For it ended any remaining pretence that the current UK government is anything more than a necessary short-term fix; forged in the heat of market meltdown and essentially held together only by the fear of economic Armageddon. This is not a government in any meaningful form – it has no prevailing philosophy beyond survival and no coherent agenda beyond austerity.
Lords reform matters, but last week was as much about the Tory party delivering a humiliation to the junior coalition partner. Prime Minister David Cameron apparently later confronted rebels on his own benches who had claimed that a defeat for the government would “help” their leader. But even if that fury was real, it was not because Cameron actually wants Lords reform. Rather it was an expression of frustration that the self-evident advantage for the Tories of burying these proposals was being publicly aired. As one rebel reminded the media, it was the Prime Minister himself who privately described Lords reform as “a top priority for a third term”. No-one can, therefore, seriously doubt that Cameron was anything other than privately pleased that this measure was being booted into the back of beyond.
Delivering Lords reform was a top priority for Deputy Prime Minister Nick Clegg; a chance to prove that being in coalition was a means to a Liberal Democrat end. In reality, it ended in a stark and public affirmation of Lib Dem impotence.
The fundamental weakness for the Lib Dems is two-fold. First, if the Lib Dems go to the electorate right now, they will be obliterated. Secondly, the best hope of electoral redemption for the Lib Dems is to govern for a full term, pray for recovery and then be able to argue in 2015 that they were acting responsibly and in the national interest. It won’t work – people just won’t forget the broken pledges on issues such as tuition fees – but it remains the only serious prospect for Lib Dem survival.
In short, the Tories know that while the Lib Dems are trapped in an increasingly abusive marriage, it is one which they cannot afford to leave.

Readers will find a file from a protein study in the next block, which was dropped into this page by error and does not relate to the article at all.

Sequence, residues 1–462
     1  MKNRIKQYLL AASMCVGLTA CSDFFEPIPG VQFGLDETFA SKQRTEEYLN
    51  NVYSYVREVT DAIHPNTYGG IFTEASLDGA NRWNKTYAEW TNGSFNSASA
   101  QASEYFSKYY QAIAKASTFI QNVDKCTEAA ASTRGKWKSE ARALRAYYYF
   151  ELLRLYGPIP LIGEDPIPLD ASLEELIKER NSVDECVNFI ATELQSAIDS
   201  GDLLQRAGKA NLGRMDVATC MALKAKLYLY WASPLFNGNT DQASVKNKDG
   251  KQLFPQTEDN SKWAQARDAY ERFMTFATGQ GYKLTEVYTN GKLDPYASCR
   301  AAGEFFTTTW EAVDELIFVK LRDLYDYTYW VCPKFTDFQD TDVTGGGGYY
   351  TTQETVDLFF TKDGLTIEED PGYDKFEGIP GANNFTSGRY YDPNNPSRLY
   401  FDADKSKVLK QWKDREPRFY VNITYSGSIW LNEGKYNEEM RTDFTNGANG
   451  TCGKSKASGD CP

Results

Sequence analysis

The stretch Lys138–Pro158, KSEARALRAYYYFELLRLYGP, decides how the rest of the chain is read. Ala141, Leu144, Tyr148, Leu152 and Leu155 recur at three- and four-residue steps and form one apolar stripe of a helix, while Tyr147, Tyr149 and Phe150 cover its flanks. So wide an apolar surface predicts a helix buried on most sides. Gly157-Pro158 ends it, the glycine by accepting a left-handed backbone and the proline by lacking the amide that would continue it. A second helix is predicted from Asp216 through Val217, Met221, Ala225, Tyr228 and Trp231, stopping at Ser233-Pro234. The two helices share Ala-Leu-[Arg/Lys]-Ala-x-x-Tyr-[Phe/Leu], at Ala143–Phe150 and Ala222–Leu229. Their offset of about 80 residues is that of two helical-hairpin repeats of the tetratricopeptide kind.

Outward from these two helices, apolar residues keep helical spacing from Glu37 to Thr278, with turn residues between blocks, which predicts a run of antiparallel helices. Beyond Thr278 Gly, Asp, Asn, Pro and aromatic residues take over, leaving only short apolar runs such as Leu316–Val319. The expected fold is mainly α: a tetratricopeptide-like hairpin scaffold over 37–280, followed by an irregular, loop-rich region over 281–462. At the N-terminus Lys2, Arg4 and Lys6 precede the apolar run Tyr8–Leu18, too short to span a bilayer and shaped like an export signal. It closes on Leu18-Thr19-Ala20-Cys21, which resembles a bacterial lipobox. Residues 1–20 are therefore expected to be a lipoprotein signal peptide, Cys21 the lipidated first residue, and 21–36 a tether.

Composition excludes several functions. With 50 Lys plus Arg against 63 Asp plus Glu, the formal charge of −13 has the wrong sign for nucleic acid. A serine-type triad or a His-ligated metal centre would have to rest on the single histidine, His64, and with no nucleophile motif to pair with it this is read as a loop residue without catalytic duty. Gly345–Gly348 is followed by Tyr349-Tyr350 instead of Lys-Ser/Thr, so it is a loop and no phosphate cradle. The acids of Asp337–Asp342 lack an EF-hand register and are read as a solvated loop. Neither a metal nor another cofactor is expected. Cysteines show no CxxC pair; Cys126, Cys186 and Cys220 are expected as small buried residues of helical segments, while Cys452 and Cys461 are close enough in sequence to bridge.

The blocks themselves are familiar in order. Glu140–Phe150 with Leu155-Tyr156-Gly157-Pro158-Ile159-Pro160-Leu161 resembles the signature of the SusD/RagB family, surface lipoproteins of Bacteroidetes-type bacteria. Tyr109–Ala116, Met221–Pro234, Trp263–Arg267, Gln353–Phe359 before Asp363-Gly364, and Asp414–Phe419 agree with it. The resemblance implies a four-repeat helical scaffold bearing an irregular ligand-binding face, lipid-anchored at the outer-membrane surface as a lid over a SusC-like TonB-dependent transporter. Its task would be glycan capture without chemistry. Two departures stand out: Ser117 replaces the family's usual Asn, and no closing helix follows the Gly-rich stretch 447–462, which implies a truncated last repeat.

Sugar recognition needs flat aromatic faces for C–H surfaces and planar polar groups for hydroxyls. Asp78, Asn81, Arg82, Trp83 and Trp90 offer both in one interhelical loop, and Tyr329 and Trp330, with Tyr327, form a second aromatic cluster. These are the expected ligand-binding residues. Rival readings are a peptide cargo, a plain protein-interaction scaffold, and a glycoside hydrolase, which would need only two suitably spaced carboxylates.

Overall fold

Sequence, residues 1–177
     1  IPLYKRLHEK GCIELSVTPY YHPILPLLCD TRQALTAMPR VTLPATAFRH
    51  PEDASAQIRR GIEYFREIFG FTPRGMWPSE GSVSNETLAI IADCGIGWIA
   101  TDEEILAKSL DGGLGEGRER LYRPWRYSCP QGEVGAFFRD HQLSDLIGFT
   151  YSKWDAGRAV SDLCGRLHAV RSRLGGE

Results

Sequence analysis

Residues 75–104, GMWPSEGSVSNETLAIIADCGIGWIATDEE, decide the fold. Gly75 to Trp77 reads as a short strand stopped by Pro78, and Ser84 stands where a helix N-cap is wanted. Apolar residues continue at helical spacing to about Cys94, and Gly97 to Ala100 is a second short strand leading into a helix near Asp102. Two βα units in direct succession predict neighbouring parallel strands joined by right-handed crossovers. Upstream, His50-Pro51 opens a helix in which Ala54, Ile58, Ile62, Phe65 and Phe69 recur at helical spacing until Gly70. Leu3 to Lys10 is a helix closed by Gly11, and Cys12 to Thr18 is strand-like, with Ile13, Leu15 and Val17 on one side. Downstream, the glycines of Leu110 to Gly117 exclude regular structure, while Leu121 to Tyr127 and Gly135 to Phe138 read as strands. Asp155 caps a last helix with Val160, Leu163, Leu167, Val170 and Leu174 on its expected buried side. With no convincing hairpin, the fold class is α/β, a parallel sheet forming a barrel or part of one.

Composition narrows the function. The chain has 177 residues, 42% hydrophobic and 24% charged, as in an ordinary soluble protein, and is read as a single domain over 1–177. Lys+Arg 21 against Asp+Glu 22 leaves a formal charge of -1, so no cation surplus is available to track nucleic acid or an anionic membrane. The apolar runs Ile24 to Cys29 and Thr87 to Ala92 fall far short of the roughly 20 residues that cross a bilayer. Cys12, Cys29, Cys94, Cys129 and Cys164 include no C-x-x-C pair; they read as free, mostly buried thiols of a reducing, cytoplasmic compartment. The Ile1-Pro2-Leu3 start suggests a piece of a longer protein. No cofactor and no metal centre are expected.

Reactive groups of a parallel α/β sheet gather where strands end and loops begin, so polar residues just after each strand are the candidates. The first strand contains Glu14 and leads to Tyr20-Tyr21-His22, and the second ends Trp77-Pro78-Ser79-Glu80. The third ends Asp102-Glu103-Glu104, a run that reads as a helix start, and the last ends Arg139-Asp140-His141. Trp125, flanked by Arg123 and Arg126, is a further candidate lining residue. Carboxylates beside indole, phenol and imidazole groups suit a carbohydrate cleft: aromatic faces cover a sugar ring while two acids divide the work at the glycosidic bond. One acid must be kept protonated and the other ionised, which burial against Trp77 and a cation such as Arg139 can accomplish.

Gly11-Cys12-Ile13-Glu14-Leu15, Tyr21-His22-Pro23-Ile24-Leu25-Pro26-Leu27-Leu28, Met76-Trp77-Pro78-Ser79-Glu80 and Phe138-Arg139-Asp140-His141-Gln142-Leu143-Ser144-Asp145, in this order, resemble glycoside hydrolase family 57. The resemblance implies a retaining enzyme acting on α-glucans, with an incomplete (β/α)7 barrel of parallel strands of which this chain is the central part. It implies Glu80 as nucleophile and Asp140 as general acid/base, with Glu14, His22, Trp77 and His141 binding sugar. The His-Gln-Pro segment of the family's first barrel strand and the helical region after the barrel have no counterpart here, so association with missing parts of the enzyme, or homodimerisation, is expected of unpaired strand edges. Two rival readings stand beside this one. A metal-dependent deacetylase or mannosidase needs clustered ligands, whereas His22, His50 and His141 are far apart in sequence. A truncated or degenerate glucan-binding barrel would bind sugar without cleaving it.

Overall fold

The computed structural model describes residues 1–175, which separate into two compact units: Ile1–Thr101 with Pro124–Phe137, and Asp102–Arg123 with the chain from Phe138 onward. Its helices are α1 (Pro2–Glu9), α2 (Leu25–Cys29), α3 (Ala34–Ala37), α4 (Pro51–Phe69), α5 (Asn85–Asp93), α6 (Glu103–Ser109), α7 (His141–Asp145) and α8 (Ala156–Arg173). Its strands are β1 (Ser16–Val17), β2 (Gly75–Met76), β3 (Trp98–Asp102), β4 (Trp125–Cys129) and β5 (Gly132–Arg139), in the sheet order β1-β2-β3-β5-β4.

The Tories have outmanoeuvred the Lib Dems on their most cherished policies – first on electoral reform and now on reform of the Lords. There is no reason to believe that revived proposals on Lords reform in the autumn will make any difference unless a deal is done with Labour, and that prospect seems unlikely. As one Tory MP noted: “Rebellion is like adultery – its difficult to do the first time but really quite easy after that.”
The ramifications of that more assertive Conservatism are now easy to spot. The day after the Lords reforms failed, Foreign Secretary William Hague launched a plan to repatriate powers from the European Union. More red meat for the Tory back-benches. That has already drawn a sharp response from the Lib Dems, but again simply illustrates that, for all the dark TV studio chatter from Lib Dem MPs about “chain reactions” and “consequences” for the coalition, the reality is that Lib Dem influence is increasingly hard to detect within government. Nick Clegg can certainly press the nuclear button and bring the coalition down, but given the prospects of electoral annihilation and delivering a likely Conservative administration, the Tory calculation is that he won’t.
This situation, however, is not without danger for Cameron. Tory governments with truculent backbenches have a difficult history. The recent Tory rebellion brought back memories of the turmoil created by the passage of the Maastricht Treaty. A Tory backbench buoyed by its own strength drags Cameron into an ultimately unwinnable tussle to keep the Conservative Party on the middle ground of politics. Watching a pack of rabid, anti-European, right-wing, “hang ’em and flog ’em” backbench Tory MPs may be good political box office, but it immediately alienates the essential floating voters who trusted in a softer Conservatism. Unleashing a backbench revolt to squash Lib Dem dreams is one thing, stopping the momentum created by that renewed Tory self-confidence quite another. Further, there remains the risk that eventually the Lib Dems decide that enough is enough. If the economy is still going to be in troubled waters in 2015 and in the interim the Lib Dems are simply propping up a right-wing Tory administration while delivering very little of their own policies, will a point come when the cost/benefit analysis changes and Clegg pulls stumps? What if Clegg himself is replaced?
With every inch the UK government coalition moves to the Right, the case for the alternative “progressive” alliance people like David Steel and Paddy Ashdown sought in 2010 becomes stronger.
Did Nick Clegg really come into politics to cut public spending, preside over a double-dip recession, break key Lib Dem manifesto pledges and be taken for a ride by a Tory party which merely feigns interest in constitutional reform? Those are the obvious costs. Where, by contrast, are the benefits?